Inflammatory pseudotumour (IPT) is an unusual benign solid mass composed of myofibroblastic spindle cells with acute and chronic inflammatory cells that mimics a neoplastic process [1, 3, 7]. To date, 39 laryngeal IPT have been described in the English literature. The mean age of these patients is 44.5 years (range 2–74 years) and the male:female ratio is 1.6:1 [5, 6, 810]. Several terms like plasma cell granuloma, histiocytoma, plasma cell histiocytoma complex, fibrohistiocytoma, hamartoma (lymphoid, myxoid), xanthomatous granuloma, inflammatory fibrosarcoma, and benign myofibroblastoma have been used [2, 47]. In 1994, World Health Organization (WHO) had anthologized those terms as inflammatory myofibroblastic (IMT) [7]. The IPT was first reported in the lung by Brunn in 1939 [3], whereas a laryngeal occurrence of IPT was first described in 1992 [1, 2, 6, 11]. The upper respiratory tract accounts for 11% of extra-pulmonary cases of IPT and the remainder of the head and neck sites less than 5% [1, 79]. IPT must be differentiated from a variety of benign and malignant soft tissue tumours like anaplastic large cell lymphoma, low-grade fibrosarcoma, rhabdomyosarcoma, malignant peripheral nerve sheath tumour, leiyomyosarcoma, spindle cell sarcoma, heamangiopericytoma, plasma cell neoplasm, inflammatory fibroid polypus, chronic fungal infection, Wegener’s granulomatosis, etc [24, 7, 10]. Differential diagnosis of glottic growth in children 8–10 years old should include recurrent respiratory papillomatosis, vocal polyp, and granulomatous pathology [3, 9, 11].

The origin of IPT is still disputed [6, 7]. One of the theories suggests an association with trauma. The composite cells of IPT are of those that would be expected at the site of wound healing, advocating a reactive-inflammatory origin [2, 5, 6, 9, 10, 12]. In the first cases reported by Wenig et al, no history of trauma was present except in one patient who had a traumatic intubation for a totally unrelated procedure [6]. Furthermore, the potential subclinical traumatic stimuli like voice abuse, excessive coughing, and acid-reflux are often associated with wound healing which includes the presence of myofibroblasts. In certain instances, this reaction can be so proliferative resulting in the presence of a clinically apparent lesion dominated by the presence of myofibroblasts [2, 5, 6]. Another theory includes the presence of a trigger such as smoking, as at least half of the reported patients with laryngeal IPT were smokers [6]. Association with the alcohol has not been established in anyone of the reported cases. Epstein–Barr virus has been also associated with IPT at other locations except from larynx [5, 6]. Two studies from Spain have reported the presence of HHV8 transcripts in IPT and suggested a possible link to its pathogenesis [6]. Recently, IPT has been considered a type of IgG4-related sclerosing disease, which includes autoimmune pancreatitis and sclerosing sialadenitis [5, 6, 8]. The concept of IPT being an exuberant post-inflammatory reaction is also supported by the successful application of anti-inflammatory drugs in therapy [5, 6, 10].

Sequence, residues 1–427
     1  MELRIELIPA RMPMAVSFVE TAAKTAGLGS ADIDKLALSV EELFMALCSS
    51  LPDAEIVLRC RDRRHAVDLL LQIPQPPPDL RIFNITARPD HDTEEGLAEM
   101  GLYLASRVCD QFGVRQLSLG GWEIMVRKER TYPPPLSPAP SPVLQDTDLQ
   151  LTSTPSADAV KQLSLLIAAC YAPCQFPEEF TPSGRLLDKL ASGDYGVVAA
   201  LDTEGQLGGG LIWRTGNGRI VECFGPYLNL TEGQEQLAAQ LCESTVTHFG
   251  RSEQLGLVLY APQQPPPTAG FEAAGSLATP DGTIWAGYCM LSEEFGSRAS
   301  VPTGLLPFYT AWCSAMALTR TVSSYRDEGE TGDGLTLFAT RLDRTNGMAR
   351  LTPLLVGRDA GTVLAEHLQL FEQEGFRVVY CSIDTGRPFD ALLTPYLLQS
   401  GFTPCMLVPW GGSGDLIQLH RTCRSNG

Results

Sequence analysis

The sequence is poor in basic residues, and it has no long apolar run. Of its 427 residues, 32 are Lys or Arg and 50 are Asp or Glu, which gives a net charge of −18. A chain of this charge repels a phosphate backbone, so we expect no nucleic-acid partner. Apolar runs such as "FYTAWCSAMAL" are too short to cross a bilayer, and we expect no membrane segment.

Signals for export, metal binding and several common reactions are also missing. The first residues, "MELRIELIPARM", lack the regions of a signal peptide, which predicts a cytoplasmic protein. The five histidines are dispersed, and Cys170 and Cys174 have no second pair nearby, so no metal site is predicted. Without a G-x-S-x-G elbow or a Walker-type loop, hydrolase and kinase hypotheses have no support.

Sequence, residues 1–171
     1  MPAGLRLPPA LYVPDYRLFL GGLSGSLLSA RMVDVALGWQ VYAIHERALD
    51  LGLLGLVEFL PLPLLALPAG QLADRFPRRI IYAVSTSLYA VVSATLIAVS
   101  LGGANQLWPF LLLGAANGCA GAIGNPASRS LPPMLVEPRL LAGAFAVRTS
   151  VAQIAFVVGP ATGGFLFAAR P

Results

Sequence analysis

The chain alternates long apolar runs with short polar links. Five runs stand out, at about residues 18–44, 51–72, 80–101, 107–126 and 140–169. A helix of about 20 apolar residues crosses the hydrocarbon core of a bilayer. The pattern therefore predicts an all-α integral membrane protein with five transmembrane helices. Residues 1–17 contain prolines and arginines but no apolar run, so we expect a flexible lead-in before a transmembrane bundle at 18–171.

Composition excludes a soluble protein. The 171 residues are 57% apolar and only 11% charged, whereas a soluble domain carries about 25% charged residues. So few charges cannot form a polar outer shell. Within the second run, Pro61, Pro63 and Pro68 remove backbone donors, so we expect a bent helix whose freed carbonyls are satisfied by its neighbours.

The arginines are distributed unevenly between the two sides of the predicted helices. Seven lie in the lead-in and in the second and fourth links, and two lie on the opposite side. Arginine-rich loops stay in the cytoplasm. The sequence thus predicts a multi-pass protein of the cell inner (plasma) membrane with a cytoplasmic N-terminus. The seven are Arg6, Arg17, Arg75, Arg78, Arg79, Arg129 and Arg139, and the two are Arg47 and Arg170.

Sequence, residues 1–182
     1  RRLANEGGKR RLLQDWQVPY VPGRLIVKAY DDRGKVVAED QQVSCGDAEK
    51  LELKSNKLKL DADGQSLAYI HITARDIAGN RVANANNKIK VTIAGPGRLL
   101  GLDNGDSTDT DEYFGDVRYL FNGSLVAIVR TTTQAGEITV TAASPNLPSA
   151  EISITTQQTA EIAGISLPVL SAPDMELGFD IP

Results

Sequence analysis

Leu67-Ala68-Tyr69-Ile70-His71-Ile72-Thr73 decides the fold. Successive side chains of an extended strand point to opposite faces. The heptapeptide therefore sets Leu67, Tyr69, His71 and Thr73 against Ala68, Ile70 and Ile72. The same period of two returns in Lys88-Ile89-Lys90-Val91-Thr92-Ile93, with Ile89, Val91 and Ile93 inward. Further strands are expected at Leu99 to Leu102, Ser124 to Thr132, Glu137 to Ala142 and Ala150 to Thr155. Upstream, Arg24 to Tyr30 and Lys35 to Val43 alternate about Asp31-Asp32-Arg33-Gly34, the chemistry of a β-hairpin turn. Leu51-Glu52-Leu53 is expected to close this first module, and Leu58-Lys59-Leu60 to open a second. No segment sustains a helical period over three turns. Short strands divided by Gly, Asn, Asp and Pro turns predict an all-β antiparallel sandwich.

The neoplastic theory has been supported by the occasional recurrence and even metastatic potential of IPT (not reported for laryngeal localization, up to day). Aneuploidy, clonality, chromosomal rearrangement at chromosome 2p23, expression of ALK1 [5], p80 [57, 10], and loss of eterozygosity have also been demonstrated [6]. Overexpression of ALK protein, as well as the proliferation marker Ki-67 and the apoptosis protein inhibitor Bcl-2, has been correlated with tumorigenesis [5, 7]. Moreover, the molecular evidence by CGH (Comparative Genomic Hybridization) of a loss on chromosome 13p14–22, which is the location of the tumour-relevant retinoblastoma gene (Rb), was first reported by Volker et al who presented a 34-year-old woman with IPT and supported the hypothesis of a true neoplastic process [7]. Changes on chromosome 13p are considered to be a common feature in many types of cancer [6].